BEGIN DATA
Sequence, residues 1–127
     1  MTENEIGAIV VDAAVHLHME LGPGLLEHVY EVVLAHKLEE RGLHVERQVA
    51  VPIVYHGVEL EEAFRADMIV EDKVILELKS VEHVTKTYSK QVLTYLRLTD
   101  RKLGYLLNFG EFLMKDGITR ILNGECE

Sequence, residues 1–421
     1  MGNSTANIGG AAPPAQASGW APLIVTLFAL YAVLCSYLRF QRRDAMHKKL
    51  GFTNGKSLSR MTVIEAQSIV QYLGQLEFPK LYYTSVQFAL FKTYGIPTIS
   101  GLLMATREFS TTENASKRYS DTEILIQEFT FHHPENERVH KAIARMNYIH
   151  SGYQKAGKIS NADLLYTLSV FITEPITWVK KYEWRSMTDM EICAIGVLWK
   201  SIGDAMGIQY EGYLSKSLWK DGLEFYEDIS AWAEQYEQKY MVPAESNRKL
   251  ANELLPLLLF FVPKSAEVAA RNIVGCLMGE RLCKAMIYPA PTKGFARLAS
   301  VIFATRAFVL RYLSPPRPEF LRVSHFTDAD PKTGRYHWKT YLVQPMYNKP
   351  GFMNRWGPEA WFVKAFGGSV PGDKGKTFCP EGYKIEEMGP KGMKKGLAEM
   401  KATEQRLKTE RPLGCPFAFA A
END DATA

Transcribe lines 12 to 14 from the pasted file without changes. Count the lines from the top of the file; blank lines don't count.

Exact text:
   301  VIFATRAFVL RYLSPPRPEF LRVSHFTDAD PKTGRYHWKT YLVQPMYNKP
   351  GFMNRWGPEA WFVKAFGGSV PGDKGKTFCP EGYKIEEMGP KGMKKGLAEM
   401  KATEQRLKTE RPLGCPFAFA A